The American Architectural Manufacturers Association (AAMA) published an updated standard for flashing. AAMA 712-14, “Voluntary Specification for Mechanically Attached Flexible Flashing” establishes minimum performance criteria to allow the user to evaluate and select mechanically attached flexible flashing products intended for use around the exterior perimeter of fenestration products.
As a basic component for integrating a fenestration product with a building’s water resistant barrier (WRB), appropriate material specifications for flashing play an important role in planning for effective and reliable installation. Accordingly, AAMA publishes consensus standards for self-adhesive flashing (AAMA 711), mechanically attached flashing (AAMA 712) and liquid-applied flashing (AAMA 714).
AAMA 712 calls for laboratory testing per ASTM methods to verify several performance parameters of mechanically attached flashing:
- Tensile strength;
- Water resistance;
- Low-temperature flexibility;
- Puncture resistance;
- Tear resistance; and
- Accelerated UV aging.
The changes to AAMA 712 were instituted primarily to coincide with those made to the similar AAMA 711, which was published in July 2013 by the Flashing Task Group.
“The test method for accelerated UV aging is the focus of the most significant change made to both AAMA 712 and the earlier release of AAMA 711,” says Jim Katsaros of DuPont Laminating Solutions, chair of the Flashing Task Group. “The change adds a modified version of the ASTM G155 Xenon Arc Test as an alternative to the ASTM G154 test method. This provides manufacturers and test laboratories with more flexibility in conducting the required test and, according to AAMA approved component labs, results in a better representation of actual sunlight exposure.”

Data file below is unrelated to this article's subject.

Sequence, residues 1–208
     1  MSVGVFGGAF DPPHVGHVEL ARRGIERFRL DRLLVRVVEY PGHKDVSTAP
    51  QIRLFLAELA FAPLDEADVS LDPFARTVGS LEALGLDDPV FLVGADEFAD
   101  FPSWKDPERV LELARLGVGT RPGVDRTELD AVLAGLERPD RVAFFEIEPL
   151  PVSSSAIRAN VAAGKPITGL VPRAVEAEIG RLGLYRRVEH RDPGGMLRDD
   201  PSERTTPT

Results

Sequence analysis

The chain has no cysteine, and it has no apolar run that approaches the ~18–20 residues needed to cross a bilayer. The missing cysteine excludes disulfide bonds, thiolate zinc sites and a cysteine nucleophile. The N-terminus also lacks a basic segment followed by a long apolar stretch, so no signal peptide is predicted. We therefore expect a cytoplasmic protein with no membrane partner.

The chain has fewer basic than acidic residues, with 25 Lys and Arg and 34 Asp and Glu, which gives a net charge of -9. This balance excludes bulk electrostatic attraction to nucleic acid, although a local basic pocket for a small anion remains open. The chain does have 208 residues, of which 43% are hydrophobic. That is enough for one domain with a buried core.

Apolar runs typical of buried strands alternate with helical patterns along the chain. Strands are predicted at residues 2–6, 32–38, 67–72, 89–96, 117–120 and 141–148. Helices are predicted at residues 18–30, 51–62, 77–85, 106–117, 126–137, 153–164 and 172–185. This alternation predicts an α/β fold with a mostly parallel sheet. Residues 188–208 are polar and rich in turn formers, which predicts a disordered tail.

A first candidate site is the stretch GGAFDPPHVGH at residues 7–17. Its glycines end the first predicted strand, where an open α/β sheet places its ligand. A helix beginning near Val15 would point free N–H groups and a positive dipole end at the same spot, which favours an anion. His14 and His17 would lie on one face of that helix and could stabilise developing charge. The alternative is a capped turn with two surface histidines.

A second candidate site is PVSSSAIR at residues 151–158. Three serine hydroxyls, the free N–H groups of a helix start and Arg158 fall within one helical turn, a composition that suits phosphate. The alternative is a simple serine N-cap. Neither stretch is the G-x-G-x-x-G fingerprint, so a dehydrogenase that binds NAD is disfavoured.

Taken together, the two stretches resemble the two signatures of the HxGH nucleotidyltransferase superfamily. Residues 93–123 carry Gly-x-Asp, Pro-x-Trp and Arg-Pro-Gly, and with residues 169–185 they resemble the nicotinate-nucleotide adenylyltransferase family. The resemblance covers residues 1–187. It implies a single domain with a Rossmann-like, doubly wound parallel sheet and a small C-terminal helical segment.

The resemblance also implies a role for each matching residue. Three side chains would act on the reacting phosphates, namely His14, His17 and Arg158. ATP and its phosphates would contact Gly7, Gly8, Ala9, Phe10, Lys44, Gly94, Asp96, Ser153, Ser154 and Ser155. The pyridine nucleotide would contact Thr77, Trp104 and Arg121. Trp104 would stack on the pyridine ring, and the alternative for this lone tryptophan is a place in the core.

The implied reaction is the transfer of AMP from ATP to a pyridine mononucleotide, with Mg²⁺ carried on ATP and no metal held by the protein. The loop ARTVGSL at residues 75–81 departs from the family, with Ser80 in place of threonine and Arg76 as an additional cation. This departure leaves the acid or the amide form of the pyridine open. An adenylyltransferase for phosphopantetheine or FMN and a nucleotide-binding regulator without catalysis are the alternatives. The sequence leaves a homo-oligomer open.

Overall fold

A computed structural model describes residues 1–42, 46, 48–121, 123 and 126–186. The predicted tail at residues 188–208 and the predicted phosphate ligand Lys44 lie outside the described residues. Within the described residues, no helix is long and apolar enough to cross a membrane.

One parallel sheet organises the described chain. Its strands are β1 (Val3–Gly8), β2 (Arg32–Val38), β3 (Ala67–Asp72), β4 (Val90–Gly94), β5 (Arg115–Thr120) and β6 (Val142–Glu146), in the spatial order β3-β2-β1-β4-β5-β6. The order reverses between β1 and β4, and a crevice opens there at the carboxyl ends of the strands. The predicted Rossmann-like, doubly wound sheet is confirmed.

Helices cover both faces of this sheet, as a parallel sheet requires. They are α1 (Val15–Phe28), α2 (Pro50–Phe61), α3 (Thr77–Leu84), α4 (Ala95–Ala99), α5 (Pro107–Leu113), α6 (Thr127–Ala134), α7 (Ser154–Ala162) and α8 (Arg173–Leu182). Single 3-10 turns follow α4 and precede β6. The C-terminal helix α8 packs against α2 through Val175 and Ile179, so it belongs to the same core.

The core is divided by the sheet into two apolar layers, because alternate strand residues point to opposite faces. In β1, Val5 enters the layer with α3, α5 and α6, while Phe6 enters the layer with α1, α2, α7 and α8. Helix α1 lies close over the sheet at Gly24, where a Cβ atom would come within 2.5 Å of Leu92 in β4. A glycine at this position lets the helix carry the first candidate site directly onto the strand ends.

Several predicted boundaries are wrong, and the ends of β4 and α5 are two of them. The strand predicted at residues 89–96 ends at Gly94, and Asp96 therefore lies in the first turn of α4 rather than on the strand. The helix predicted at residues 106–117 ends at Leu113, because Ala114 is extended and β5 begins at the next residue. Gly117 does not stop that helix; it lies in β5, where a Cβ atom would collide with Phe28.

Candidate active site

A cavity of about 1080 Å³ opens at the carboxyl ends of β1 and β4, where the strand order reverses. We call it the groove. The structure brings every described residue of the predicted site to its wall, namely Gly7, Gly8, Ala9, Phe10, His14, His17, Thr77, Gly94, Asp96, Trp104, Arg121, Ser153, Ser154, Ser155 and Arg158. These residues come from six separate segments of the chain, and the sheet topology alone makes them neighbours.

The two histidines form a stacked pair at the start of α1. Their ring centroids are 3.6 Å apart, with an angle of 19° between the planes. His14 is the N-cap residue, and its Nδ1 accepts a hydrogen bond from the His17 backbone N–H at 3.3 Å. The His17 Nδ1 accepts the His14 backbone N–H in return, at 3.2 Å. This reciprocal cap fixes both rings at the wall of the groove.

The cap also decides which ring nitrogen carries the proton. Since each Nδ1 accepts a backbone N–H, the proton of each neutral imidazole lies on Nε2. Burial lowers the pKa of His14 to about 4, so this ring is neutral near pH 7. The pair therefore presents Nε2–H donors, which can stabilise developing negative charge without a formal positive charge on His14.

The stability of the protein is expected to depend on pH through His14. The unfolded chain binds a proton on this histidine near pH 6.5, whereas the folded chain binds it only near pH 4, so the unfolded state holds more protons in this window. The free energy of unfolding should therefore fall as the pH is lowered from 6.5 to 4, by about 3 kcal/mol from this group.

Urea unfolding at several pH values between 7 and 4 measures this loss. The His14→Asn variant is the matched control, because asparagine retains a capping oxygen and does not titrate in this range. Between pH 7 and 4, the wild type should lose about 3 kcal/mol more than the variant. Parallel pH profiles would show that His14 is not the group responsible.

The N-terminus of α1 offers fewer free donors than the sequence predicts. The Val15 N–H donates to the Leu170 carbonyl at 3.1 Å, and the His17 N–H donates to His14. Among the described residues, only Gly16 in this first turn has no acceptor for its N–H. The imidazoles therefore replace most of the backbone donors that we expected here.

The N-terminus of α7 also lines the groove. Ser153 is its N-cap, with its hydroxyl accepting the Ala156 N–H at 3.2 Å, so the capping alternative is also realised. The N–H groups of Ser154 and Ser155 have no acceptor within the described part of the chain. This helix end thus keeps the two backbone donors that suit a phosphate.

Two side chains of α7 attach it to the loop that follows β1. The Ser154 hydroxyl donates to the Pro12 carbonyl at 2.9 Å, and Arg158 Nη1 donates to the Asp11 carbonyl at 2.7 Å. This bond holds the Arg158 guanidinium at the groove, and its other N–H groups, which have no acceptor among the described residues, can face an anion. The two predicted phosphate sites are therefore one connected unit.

ASTM G154-12a, “Standard Practice for Operating Fluorescent Ultraviolet [UV] Lamp Apparatus for Exposure of Nonmetallic Materials,” and ASTM G155-13, “Standard Practice for Operating Xenon Arc Light Apparatus for Exposure of Non-Metallic Materials,” are intended to induce changes in the material brought on by simulated and accelerated exposure to end use conditions, including the effects of solar UV light, moisture and heat.
They are not intended to simulate the deterioration caused by localized weather phenomena, such as atmospheric pollution, biological attack and saltwater exposure, according to AAMA. The difference, as their titles indicate, is that G154 is based on the use of UV light from one of several listed fluorescent sources, while G155 utilizes a filtered xenon arc lamp source with different filter combinations as described.
With the update of AAMA 712 complete, the Flashing Task Group has initiated the process for updating AAMA 714-11 with the purpose of administering a much broader revision.